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Re: [Pali] Abhidhamma Series, no 7. Kamma and Result.

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  • Bryan Levman
    Hi Nina, ... self who can determine to do wrong or to do what is right, it ... conditioned by the roots and many other factors. Each moment, ... I know this is
    Message 1 of 10 , Apr 7, 2010
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      Hi Nina,

      >Whatever conduct we follow in daily life, it is conditioned by the
      >wholesome or unwholesome roots accumulated from life to life. There
      >is no
      self who can determine to do wrong or to do what is right, it
      >is
      conditioned by the roots and many other factors. Each moment,
      >whatever we do, is conditioned.

      I know this is an age-old question, but if there is "no self who can determine to do wrong or to do what is right" who is it that awakens to and follows the Eight Fold Noble Path? Did the Buddha not believe in free will? Certainly from reading his teachings, it seems like he did. Please explain,

      Thanks,

      Bryan






      ________________________________
      From: Nina van Gorkom <vangorko@...>
      To: pali@yahoogroups.com
      Sent: Tue, April 6, 2010 10:44:30 AM
      Subject: [Pali] Abhidhamma Series, no 7. Kamma and Result.

      Dear friends,

      Kamma and Result.

      As we have seen, three cetasikas are unwholesome roots, akusala
      hetus: lobha (attachment), dosa (aversion) and moha (ignorance).
      Three cetasikas are beautiful roots, sobhana hetus: non-attachment,
      alobha, non-aversion, adosa, and pa~n~naa.
      Akusala hetus can motivate ill deeds through body, speech or mind.
      Ill deeds are called in Påli: akusala kamma. Kamma is the cetasika
      (mental factor arising with the citta) which is intention or
      volition, in Pali: cetanaa. However, the word “kamma'' is also used
      in a more general sense for the deeds which are intended by cetanaa.
      The term kamma-patha (literally “course of action'') is used as well
      in this sense. There are akusala kamma-pathas and kusala kamma-
      pathas, ill deeds and good deeds, accomplished through body, speech
      and mind. As regards akusala kamma-patha, there are ten akusala kamma-
      pathas and these are conditioned by lobha, dosa and moha. They are:
      killing, stealing, sexual misbehaviour, lying, slandering, rude
      speech, frivolous talk, covetousness, ill-will and wrong view
      (di.t.thi).
      Sobhana cetasikas motivate good deeds such as generosity, abstention
      from ill deeds, mental development which includes samatha and
      vipassanaa.
      Whatever conduct we follow in daily life, it is conditioned by the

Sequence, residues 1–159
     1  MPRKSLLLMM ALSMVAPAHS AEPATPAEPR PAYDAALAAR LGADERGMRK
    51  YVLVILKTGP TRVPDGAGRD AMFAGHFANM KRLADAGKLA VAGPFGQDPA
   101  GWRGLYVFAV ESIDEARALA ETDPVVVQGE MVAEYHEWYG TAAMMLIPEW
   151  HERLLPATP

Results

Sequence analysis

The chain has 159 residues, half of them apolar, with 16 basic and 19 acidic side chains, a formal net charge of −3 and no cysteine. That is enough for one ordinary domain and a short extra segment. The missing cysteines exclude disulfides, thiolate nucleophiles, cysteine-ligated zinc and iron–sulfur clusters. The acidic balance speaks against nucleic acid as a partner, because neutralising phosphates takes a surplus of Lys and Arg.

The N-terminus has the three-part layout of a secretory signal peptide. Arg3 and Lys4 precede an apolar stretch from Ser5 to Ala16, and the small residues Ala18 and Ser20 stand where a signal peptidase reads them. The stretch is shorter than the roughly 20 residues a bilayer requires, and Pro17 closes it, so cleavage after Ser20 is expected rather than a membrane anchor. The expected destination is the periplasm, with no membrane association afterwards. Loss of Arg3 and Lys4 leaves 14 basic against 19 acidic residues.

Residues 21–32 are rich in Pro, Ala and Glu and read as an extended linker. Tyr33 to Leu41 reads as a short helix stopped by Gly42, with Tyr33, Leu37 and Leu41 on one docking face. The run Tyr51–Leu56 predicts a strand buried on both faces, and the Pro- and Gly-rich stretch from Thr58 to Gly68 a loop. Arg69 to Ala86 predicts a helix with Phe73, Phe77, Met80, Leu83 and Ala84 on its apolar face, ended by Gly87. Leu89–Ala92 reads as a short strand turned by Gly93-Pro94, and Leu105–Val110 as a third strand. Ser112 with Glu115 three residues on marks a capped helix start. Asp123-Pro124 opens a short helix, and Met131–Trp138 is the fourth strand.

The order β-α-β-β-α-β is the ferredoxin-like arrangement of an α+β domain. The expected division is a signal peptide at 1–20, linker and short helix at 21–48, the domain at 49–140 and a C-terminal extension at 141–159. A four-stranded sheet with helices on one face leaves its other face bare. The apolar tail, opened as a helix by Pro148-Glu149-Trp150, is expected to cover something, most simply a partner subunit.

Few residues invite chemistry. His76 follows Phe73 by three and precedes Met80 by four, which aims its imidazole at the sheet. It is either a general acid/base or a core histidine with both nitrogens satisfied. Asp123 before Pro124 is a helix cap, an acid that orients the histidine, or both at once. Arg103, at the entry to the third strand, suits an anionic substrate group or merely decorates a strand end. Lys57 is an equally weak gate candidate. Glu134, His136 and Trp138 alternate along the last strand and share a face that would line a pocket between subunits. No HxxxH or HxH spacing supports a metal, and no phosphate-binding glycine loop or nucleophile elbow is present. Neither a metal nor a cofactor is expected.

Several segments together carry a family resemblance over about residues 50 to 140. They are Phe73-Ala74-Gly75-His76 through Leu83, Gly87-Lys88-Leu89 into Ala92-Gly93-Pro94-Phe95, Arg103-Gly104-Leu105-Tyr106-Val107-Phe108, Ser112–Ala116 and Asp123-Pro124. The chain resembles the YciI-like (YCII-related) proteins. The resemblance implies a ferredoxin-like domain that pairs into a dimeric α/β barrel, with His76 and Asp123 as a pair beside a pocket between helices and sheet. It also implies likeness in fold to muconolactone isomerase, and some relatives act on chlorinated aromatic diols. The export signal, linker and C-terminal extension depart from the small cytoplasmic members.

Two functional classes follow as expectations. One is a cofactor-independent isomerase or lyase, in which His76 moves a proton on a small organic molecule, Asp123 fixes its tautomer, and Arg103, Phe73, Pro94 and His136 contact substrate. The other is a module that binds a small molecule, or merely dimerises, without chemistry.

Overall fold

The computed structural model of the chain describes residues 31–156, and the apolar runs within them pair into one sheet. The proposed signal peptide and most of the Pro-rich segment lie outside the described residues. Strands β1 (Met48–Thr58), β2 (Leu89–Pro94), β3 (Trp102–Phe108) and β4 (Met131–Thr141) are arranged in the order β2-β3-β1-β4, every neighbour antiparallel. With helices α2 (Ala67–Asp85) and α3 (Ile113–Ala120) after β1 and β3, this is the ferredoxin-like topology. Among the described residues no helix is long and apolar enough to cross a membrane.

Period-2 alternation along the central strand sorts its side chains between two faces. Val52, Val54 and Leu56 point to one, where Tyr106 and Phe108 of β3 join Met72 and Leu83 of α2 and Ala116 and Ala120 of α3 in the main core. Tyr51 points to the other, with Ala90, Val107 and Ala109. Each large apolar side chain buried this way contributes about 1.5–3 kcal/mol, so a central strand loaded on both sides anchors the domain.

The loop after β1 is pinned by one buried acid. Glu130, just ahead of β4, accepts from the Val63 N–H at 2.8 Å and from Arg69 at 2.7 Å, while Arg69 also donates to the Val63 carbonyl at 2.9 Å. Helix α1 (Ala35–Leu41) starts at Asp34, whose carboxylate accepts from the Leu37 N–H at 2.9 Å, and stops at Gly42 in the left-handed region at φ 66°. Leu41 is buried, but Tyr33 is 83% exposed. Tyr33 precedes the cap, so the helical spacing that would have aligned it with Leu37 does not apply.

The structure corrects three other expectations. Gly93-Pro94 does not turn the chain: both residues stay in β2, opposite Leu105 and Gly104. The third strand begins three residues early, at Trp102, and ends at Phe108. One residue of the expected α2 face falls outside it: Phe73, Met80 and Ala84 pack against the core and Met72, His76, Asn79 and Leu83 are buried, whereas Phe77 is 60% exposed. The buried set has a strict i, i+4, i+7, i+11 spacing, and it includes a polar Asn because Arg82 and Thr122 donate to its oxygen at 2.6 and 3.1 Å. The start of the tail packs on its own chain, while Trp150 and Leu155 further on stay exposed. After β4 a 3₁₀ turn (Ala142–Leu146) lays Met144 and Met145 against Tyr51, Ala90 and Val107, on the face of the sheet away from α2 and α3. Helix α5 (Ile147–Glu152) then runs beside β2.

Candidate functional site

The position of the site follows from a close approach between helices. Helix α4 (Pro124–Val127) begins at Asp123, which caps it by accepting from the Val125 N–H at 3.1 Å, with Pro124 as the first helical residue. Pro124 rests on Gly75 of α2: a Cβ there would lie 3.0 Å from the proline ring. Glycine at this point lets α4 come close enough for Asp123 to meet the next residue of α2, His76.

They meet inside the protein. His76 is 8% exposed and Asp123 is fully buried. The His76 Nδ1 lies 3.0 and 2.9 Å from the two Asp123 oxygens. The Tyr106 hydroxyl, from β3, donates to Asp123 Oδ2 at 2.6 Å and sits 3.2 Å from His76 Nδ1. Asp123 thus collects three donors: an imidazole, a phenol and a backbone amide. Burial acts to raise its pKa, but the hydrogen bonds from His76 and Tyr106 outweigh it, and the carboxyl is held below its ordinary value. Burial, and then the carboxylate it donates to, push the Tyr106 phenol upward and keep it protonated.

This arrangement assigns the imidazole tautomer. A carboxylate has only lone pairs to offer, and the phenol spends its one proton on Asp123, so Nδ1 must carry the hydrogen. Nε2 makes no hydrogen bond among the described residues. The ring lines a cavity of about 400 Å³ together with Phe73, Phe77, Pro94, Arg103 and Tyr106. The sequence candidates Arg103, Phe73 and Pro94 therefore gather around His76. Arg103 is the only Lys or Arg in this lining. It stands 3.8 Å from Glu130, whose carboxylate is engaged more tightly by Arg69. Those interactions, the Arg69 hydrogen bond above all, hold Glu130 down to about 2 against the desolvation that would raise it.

wholesome or unwholesome roots accumulated from life to life. There
      is no self who can determine to do wrong or to do what is right, it
      is conditioned by the roots and many other factors. Each moment,
      whatever we do, is conditioned.

      When we are generous, helping others or paying respect, we may
      believe that there are only kusala cittas. However, what we take for
      wholesome may be motivated by akusala, such as conceit or being
      intent on some advantage for ourselves. Kusala cittas and akusala
      cittas alternate in our life. This shows how deeply rooted
      defilements are.

      Kamma is a mental activity which can be accumulated. Since cittas
      that arise and fall away succeed one another in an unbroken series,
      the force of kamma is carried on from one moment of citta to the next
      moment of citta, from one life to the next life. In this way kamma is
      capable to produce its result later on. A good deed, kusala kamma,
      can produce a pleasant result, and an evil deed can produce an
      unpleasant result. Kamma produces result at the first moment of life:
      it produces rebirth-consciousness in a happy plane of existence such
      as the human plane or a heavenly plane, or in an unhappy plane of
      existence such as a hell plane or the animal world.
      Throughout our life kamma produces seeing, hearing and the other
      sense-impressions that are vipåkacittas, cittas that are results.
      Vipåkacittas are neither kusala cittas nor akusala cittas. Seeing a
      pleasant object is the result of kusala kamma and seeing an
      unpleasant object is the result of akusala kamma. If there is right
      understanding of the citta that is cause and the citta that is result
      we shall know the meaning of anattaa. We shall come to understand
      that there is no self who can cause the arising of pleasant or
      unpleasant experiences through the senses. Due to kamma gain and